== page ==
DIY House Shows and Music Venues in the US is an interdisciplinary study of house concerts and other DIY ('do-it-yourself') music venues in the US, such as warehouses, all-ages clubs and guerrilla shows, with its primary focus on West Coast American DIY locales.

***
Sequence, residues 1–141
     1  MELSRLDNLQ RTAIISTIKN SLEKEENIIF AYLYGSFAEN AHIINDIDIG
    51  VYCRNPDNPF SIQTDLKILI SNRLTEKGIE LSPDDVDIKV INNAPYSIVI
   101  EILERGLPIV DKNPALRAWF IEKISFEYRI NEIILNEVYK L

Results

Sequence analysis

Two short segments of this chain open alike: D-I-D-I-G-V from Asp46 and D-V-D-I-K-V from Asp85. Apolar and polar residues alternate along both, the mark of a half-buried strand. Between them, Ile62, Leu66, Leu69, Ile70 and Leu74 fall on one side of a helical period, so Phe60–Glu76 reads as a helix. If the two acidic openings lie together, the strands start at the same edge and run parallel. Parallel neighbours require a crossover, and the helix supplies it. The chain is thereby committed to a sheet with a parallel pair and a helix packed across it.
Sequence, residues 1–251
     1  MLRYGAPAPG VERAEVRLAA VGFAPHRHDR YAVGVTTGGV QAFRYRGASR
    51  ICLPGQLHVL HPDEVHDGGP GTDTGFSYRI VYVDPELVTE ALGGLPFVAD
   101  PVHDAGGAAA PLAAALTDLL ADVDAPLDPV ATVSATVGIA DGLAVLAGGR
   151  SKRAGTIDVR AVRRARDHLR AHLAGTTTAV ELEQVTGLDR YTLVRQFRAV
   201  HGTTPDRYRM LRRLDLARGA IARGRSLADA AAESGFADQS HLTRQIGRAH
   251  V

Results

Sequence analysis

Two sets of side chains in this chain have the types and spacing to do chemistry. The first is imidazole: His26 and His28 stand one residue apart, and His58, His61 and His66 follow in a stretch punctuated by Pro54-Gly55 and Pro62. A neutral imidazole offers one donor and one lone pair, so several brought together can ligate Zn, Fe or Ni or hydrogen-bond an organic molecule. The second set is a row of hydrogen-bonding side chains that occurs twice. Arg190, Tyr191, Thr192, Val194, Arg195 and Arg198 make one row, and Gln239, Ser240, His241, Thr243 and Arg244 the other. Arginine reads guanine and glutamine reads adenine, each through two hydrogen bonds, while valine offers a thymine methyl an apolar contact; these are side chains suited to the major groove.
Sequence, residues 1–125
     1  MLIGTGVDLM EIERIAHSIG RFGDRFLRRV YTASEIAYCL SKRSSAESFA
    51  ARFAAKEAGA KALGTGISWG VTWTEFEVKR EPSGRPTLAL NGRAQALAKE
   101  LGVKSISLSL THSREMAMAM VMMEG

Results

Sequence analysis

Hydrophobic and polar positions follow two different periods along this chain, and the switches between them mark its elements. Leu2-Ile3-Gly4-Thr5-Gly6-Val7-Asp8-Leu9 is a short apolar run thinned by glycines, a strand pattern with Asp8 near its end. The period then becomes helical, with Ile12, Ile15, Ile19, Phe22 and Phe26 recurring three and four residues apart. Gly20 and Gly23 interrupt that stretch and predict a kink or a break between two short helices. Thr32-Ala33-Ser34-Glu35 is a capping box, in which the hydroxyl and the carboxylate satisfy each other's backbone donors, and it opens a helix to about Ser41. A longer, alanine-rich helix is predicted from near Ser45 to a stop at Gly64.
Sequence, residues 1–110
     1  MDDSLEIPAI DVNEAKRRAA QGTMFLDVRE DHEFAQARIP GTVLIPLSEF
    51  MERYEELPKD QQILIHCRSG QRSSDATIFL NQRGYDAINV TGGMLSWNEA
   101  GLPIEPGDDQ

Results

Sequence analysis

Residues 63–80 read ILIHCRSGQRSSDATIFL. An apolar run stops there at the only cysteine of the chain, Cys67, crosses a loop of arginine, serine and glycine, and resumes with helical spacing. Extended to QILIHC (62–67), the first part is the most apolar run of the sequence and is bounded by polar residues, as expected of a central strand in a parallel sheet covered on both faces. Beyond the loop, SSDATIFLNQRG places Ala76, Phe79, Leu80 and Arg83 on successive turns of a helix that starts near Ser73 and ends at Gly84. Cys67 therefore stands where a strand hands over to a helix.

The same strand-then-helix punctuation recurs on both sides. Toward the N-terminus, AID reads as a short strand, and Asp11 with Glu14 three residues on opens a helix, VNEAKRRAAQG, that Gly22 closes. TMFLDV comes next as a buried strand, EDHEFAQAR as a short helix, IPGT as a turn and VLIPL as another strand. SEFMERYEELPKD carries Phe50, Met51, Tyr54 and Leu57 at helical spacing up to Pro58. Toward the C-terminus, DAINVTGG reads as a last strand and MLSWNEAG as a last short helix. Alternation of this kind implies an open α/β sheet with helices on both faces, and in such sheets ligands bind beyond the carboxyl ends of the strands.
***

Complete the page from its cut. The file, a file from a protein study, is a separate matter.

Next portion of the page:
It approaches the subject not through a cultural analysis of sound and discourse, as it is common in popular music studies, but primarily through an ethnographic examination of place and space. Focusing on DIY houses, music venues, social spaces, and local and translocal cultural geographies, the author examines how American DIY communities constitute themselves in relation to their social and spatial environment. The ethnographic approach shows the inner-workings of American DIY culture, and how the particular people within particular places strive to achieve a social ideal of an "intimate" community. This research contributes to the limited selection of Western popular music studies (especially regarding rock and punk) that approach their subject matter through a participatory ethnographic research.